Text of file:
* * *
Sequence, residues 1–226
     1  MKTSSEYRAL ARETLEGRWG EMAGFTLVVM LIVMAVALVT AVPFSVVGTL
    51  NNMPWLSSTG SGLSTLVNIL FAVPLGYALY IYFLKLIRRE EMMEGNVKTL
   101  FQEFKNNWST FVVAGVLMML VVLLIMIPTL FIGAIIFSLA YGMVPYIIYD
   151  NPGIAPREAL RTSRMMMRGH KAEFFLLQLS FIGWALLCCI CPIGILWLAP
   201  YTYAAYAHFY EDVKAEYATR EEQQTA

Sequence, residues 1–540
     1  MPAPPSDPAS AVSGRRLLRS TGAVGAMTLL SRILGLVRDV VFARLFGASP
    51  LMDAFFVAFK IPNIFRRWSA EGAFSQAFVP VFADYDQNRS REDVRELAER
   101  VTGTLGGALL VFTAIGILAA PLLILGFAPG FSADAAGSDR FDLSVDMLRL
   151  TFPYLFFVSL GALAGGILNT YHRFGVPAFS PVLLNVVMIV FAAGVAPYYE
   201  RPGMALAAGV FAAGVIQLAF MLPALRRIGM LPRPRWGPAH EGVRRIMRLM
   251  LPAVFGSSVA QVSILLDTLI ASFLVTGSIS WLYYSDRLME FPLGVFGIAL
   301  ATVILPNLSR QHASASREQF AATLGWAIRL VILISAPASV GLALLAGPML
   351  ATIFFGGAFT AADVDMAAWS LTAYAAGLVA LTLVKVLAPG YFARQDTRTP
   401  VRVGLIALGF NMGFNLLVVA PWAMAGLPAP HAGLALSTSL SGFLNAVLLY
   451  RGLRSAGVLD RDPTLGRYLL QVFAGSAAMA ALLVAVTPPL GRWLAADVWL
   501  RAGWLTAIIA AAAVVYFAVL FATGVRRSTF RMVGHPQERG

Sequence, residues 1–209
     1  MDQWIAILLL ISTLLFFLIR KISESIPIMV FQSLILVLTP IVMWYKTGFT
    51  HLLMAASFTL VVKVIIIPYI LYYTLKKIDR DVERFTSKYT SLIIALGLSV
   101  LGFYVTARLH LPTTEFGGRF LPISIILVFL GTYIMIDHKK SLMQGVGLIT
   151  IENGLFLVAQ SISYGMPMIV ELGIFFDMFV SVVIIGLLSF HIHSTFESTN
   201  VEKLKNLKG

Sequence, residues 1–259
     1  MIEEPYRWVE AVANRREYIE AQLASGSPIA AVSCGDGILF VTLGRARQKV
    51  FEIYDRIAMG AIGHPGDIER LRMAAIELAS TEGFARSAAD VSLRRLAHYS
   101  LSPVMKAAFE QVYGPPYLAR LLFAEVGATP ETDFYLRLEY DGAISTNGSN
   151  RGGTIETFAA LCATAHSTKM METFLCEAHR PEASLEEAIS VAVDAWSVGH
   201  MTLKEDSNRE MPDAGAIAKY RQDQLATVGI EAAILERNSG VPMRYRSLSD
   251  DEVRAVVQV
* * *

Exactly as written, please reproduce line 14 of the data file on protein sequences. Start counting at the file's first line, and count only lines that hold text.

   301  ATVILPNLSR QHASASREQF AATLGWAIRL VILISAPASV GLALLAGPML